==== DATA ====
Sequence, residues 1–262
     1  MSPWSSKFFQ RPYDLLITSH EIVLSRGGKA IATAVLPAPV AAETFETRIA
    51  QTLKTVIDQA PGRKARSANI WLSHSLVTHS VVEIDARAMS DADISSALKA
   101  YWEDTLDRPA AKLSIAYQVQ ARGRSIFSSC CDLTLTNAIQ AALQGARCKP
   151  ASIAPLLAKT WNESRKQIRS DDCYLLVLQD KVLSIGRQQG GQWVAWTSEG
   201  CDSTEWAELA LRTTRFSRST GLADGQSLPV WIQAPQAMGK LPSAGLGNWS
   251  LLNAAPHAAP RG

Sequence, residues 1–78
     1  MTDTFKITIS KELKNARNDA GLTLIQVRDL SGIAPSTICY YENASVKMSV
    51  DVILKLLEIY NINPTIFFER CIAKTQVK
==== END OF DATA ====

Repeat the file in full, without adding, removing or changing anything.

Sequence, residues 1–262
     1  MSPWSSKFFQ RPYDLLITSH EIVLSRGGKA IATAVLPAPV AAETFETRIA
    51  QTLKTVIDQA PGRKARSANI WLSHSLVTHS VVEIDARAMS DADISSALKA
   101  YWEDTLDRPA AKLSIAYQVQ ARGRSIFSSC CDLTLTNAIQ AALQGARCKP
   151  ASIAPLLAKT WNESRKQIRS DDCYLLVLQD KVLSIGRQQG GQWVAWTSEG
   201  CDSTEWAELA LRTTRFSRST GLADGQSLPV WIQAPQAMGK LPSAGLGNWS
   251  LLNAAPHAAP RG

Sequence, residues 1–78
     1  MTDTFKITIS KELKNARNDA GLTLIQVRDL SGIAPSTICY YENASVKMSV
    51  DVILKLLEIY NINPTIFFER CIAKTQVK